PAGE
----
The Buku-Larrnggay Mulka Centre houses a core body of works compiled in the 1970s, while at its heart/soul are the Message Sticks from 1935 and the 1963 Yirrkala Church Panels.
Many would also be familiar with the historic 1963 Yirrkala Bark Petition, now housed in the Parliament House Library collection in Canberra.
But apart from those at Buku-Larrnggay Mulka, the broader Yirrkala community and a select few in the disciplines of visual and social anthropology and Indigenous art, very little was known about the astonishing Yirrkala crayon and pencil drawings on butchers paper, which were commissioned by pioneering anthropologists Ronald and Catherine Berndt during a research trip to Yirrkala in 1946-7.
The Yirrkala Drawings
It is a selection of these works that are on display at the Art Gallery of New South Wales, alongside a cluster of contemporary larrakitji, created by descendants of the original Yirrkala Drawings’ artists.
The Berndts spent five months onsite working closely with senior cultural leaders and custodians, most especially under the tutelage of Wonggu Munungurr (c. 1884-1958, Djapu clan, Dhuwa moiety), among a broader group of 27 artists and cultural leaders including Mungurrawuy Yunupingu, Narratjin Maymurru (c. 1916-81, Manggalili clan, Yirritja moiety) and father and son, Mawalan Marika (c. 1908-67, Rirratjingu clan, Dhuwa moiety) and Wandjuk Marika (c. 1927-87).
To give a sense of the astonishing cultural changes experienced by the Yirrkala artists, consider Munungurr’s life experiences: his life spanned confrontational late 19th century colonial contact, fruitful and mutually respectful exchanges with the Bugis people and Macassan traders from Sulawesi, through to early 20th-century interactions with explorers, clashes and negotiations with Japanese fishermen, police and other government officials, the warily accepted arrival of Christianity via the Methodist Church in the mid 1930s, further conflict with Japanese soldiers during the second world war – and then the exchange with the Berndts a year or so after the war.
The Berndts collected an astounding 365 drawings on paper, created by the 27 artists over five months. Now acknowledged as exceptional cultural treasures, the drawings were initially considered as a research adjunct, albeit with accompanying detailed catalogue notes, to support the extensive collection of bark paintings.
At Ronald Berndt’s request his father sent the materials up to Yirrkala from Adelaide, making a somewhat arbitrary choice of brightly coloured wax crayons - red, blue, green and yellow, with white chalk borrowed from the schoolroom.
Although not what the artists were used to working with – white pipe clay, black manganese, yellow ochre, which is heated to create red pigment – their creations showed great mastery, and the artists achieved the desired fine lines through the addition of lead pencil.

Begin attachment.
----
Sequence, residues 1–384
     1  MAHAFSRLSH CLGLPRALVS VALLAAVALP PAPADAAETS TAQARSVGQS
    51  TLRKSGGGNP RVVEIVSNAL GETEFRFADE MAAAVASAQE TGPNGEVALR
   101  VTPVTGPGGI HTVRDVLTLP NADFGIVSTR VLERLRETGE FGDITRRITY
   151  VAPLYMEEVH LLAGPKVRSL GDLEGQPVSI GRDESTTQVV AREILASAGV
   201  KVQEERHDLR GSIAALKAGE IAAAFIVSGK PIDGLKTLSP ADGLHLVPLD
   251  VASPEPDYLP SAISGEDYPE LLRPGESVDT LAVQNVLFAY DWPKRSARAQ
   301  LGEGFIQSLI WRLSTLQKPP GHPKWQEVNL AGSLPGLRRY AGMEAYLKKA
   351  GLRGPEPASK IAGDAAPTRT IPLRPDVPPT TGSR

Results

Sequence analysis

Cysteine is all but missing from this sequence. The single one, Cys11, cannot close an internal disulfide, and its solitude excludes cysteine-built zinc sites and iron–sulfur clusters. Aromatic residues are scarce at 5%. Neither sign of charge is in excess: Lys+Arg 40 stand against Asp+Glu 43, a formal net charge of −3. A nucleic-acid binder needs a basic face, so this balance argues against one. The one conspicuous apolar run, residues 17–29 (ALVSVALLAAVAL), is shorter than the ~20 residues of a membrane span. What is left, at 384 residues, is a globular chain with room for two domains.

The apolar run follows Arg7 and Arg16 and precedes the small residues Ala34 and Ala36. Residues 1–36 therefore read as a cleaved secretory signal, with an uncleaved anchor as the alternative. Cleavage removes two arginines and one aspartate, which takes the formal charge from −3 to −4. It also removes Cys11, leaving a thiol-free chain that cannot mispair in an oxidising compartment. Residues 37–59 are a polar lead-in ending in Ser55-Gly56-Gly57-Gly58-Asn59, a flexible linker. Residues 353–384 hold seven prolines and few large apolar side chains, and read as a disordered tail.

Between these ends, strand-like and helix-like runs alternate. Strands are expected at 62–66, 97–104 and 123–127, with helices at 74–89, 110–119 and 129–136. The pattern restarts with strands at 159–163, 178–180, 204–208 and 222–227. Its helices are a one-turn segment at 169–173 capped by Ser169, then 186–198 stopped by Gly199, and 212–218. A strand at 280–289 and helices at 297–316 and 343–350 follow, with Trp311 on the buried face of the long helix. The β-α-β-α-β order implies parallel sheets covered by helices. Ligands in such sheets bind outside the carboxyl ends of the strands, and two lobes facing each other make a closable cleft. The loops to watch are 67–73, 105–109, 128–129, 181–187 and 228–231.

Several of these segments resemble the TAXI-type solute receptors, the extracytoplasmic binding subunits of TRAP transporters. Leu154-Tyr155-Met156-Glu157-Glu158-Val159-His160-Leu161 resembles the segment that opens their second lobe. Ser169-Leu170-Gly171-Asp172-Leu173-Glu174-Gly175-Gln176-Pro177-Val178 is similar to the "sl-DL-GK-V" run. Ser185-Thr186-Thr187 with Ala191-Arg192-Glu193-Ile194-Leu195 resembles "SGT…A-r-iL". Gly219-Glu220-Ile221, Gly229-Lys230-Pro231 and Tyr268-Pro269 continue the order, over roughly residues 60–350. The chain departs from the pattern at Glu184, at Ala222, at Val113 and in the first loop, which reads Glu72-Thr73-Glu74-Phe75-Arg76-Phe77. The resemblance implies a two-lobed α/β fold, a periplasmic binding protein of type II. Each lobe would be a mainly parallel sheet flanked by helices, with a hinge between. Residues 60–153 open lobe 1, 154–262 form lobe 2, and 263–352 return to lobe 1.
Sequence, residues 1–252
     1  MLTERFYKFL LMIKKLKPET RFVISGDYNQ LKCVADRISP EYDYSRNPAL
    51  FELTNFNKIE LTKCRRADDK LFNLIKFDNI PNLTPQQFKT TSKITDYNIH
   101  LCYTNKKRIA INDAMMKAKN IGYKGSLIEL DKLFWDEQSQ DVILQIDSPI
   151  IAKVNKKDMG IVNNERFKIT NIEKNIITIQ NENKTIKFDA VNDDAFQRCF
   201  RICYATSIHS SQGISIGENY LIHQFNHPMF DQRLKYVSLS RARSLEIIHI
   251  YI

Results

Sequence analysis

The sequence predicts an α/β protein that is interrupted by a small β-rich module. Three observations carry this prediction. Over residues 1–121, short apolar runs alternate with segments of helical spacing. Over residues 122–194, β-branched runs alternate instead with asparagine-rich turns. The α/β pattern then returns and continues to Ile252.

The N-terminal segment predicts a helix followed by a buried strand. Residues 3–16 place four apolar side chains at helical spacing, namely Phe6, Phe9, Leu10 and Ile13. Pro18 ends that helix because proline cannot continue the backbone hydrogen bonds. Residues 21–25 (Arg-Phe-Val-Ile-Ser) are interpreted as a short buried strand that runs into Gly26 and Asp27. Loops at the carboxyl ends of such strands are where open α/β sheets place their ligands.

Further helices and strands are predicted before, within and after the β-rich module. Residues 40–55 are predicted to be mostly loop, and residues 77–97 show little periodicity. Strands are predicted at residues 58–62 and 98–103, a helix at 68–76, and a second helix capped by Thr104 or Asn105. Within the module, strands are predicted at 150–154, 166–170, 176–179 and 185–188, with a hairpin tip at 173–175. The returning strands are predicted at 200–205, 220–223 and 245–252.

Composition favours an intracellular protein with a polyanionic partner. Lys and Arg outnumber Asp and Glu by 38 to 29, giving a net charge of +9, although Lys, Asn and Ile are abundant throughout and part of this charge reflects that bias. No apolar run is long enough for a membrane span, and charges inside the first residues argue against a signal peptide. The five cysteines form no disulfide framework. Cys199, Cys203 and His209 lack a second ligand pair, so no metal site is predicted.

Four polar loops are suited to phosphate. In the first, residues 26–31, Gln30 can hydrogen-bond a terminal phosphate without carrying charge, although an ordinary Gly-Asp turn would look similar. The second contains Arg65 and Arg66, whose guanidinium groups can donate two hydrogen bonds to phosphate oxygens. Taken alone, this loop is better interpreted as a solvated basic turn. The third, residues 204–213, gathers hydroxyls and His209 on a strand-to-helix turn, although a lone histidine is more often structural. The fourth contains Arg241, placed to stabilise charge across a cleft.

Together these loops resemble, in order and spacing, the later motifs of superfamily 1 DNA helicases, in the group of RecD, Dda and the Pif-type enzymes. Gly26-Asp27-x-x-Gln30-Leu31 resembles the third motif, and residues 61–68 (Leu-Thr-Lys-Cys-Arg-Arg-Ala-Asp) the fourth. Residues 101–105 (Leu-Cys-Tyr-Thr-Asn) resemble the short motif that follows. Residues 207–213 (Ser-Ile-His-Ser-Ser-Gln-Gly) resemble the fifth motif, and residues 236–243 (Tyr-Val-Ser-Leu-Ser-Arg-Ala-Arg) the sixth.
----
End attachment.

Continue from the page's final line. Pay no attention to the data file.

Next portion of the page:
Yirrkala at AGNSW
Now, almost 70 years on, a significant selection of these works on paper can be seen by a fortunate public audience in the Yirrkala Drawings Exhibition.
The exhibition is a project that has been years in development, guided by the determination of Buku-Larrnggay Mulka’s Co-ordinator, Will Stubbs, in close and intense consultation with descendants of the artists, many contemporary artists of increasing national and international renown whose visual repertoire extends on their fathers’ profound cultural knowledge seven decades before. In conversation with me, Stubbs compared the drawings and the profound wisdom they represent with illustrated chapters from the Bible or Qu’ran.
Buku-Larrnggay Mulka worked closely with the Berndt Museum, the University of Western Australia and the Art Gallery of New South Wales (which published the wonderful accompanying exhibition catalogue, which includes essays by John E. Stantonfrom the Berndt Museum, Yirrkala scholar Professor Howard Morphy, Buku-Larrnggay Mulka associate Andrew Blake, and an illuminating foreword by Cara Pinchbeck, Curator of Aboriginal Art at AGNSW).
The drawings from that long-ago research trip now on display are literally brilliant: a combination of the dazzling palette of strokes and hatching, as vivid today as when first created. They reveal cultural interactions with visiting Macassan traders and their customs, and represent elements of intricately detailed, highly complex Yolngu knowledges, reflected and resonating down the decades and into the future.
Brenda Croft is a Senior Research Fellow at the National Institute for Experimental Arts, COFA.
This opinion piece was first published in The Conversation.